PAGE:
A Better Place or Business As Usual?

Yesterday I became a fan of my first non-Seahawks related Facebook page. Better Place is a company that is looking to develop and implement a network of electric cars, through a subscription-based model. The way it works is you buy a 100% electric car, then subscribe to the Better Place service, which takes care of your battery and all the electricity your car uses, and you’re billed monthly. Basically, it’s a car that you pay for like a cell phone, and you never use gas. Israel and Denmark have already signed up to deploy the technology, and Renault-Nissan is building the cars you’ll be able to buy to use the service. Oh, and California just joined up too.

So, it is with more than my usual skepticism that I read about the desired government “bailouts” the US car makers are hoping to secure. Why should the government prop up what might very well be an outdated technology or an industry that time has passed by? Isn’t one of the fundamental rules of economics that capital and resources should flow to those who can most efficiently manage that investment?

Why should the government be bailing out car makers?

If they don’t, wouldn’t that free up a ton of production capacity to allow innovative companies like Better Place and its partners to deploy those resources in a manner that achieves greater utility? Or more simply put – wouldn’t it allow them to make stuff people want to buy?

That’s the whole point of Creative Destruction, isn’t it? (Yes is the answer to that question, BTW)

Let the failures fail – if that is indeed what will happen without massive infusions of government money – and then let the vultures come in, pick apart the wreckage and get back to work. That’s how it’s supposed to work. Otherwise, the only thing we’re bailing ourselves out of is future prosperity.

UPDATED 12-3-2008 10:58pm. I got tired of the auto-play video and replaced it with a picture.


5 Responses to A Better Place or Business As Usual?

  1. Alex Pietsch says:

    You mean, you are now a fan of something other than Seahawks and the City of Renton on Fb.

  2. We are very excited to bring the electric car infrastructure network to the United States and happy to announce California as our first state to do so! Follow us on Twitter @bpcommunity and checkout planet.betterplace.com to get the conversation started. We want to chat with you!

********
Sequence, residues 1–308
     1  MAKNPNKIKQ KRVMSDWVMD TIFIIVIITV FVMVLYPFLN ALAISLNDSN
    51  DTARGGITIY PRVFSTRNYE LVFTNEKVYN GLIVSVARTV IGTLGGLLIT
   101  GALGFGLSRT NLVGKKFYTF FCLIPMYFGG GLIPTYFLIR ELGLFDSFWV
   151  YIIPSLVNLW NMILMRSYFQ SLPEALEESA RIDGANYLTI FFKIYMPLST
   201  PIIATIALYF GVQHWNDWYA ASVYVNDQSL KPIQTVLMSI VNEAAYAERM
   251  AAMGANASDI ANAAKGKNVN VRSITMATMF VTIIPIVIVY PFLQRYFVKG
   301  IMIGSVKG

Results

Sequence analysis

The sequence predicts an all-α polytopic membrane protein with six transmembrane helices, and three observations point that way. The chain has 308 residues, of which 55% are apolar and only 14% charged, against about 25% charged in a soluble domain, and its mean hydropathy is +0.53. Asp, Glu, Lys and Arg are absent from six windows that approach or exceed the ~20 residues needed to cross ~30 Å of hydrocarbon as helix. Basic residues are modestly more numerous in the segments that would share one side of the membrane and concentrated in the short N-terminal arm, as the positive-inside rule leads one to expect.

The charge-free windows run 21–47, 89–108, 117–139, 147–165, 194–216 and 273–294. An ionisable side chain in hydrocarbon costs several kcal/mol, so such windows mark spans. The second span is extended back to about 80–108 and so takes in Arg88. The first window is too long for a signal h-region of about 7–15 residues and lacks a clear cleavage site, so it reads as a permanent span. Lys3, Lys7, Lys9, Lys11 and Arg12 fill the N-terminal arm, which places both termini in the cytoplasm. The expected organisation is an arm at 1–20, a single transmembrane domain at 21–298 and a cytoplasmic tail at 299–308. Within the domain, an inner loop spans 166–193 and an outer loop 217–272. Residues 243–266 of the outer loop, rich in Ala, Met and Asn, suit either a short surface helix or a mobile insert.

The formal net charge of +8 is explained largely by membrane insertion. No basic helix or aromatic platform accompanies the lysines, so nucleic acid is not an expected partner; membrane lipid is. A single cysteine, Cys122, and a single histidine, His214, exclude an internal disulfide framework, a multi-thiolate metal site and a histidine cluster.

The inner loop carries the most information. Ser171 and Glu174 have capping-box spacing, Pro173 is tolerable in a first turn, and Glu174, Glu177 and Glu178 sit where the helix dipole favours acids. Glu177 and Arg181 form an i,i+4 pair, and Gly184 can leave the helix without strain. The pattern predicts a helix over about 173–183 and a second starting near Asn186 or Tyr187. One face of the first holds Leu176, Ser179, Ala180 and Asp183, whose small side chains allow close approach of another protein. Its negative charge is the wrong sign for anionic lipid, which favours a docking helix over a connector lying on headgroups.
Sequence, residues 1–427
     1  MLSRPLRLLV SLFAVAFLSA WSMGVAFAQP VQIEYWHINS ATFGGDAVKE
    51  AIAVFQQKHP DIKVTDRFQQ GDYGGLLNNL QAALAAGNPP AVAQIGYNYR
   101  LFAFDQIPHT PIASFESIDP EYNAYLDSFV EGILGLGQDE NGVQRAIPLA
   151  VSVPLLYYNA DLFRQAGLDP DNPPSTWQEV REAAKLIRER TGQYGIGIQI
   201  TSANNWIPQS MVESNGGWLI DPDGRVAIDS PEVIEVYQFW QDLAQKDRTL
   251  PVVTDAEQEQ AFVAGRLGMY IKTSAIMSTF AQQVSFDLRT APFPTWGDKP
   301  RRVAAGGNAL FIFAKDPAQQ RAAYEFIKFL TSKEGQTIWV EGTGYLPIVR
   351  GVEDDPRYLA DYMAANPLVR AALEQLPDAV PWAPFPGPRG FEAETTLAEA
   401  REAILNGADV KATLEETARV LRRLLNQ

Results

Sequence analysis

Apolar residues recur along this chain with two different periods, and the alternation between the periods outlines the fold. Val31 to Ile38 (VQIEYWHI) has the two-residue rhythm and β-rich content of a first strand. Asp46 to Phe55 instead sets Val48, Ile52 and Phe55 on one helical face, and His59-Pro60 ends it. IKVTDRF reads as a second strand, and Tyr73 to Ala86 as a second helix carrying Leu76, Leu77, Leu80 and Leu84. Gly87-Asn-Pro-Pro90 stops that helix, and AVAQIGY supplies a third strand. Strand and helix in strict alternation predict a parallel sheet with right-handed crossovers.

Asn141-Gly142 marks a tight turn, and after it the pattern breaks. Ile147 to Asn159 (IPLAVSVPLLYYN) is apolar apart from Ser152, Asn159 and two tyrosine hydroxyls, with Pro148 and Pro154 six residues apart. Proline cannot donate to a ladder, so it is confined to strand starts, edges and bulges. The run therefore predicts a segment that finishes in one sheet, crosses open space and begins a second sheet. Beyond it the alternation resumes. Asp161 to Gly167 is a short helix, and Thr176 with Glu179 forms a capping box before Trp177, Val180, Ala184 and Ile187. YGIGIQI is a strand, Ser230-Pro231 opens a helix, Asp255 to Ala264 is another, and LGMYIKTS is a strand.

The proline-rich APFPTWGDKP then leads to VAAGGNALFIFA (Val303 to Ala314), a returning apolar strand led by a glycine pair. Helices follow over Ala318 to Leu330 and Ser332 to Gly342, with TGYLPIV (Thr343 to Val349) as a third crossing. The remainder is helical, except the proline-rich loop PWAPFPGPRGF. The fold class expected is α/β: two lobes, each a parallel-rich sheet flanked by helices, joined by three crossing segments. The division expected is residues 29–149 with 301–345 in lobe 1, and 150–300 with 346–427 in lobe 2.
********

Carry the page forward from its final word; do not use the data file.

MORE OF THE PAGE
3. billmcsherry says:

    Fair point, Mr Pietsch.

    But isn’t Renton considered Seahawks-related?

  4. Herb Pearse says:

    Hi Bill… I have always tried to take the simple approach to solving problems. Since our government is dancing around what to do about the current financial crisis, nothing is getting resolved except shoving some monies to those who are essentially the perpetrators of the problem.
    My suggestion for a simple fix:
    Have the Federal Government set an interest rate at 1 or 2% (or whatever will keep lending institutions operational / profitable without ripping off the borrower) above prime to allow a reasonable profit on lending money. Apply this interest rate limit retroactively to current debtors accounts and to future lending for mortgages, credit cards, and any monies in general that are loaned. Eliminate fees! Make Futures Trading, Hedge Funds, etc. illegal (the dramatic fluctuations in petroleum prices has proven how detrimental these activities are to the financial structure in general)!
    Now that we have leveled the playing field, businesses and consumers will now have access to money at a reasonable rate of interest which should greatly stimulate the economy and allow business to grow and hire.
    There is a down side… Upper echilon executives would have to rethink their exhorbitant compensation packages / benefits / golden parachutes, etc., and oh yes… how to fuel the corporate jets!!!
    !!!NO BAILOUTS!!!

  5. Sam Kaplan says:

    And you also meant besides the Trade Development Alliance Facebook page. All the cool cat kids are befriending it.

    BTW, I agree on rest of post. Subsidizing three automakers essentially means punishing all others, no matter how innovative, environmentally-friendly and economically sound

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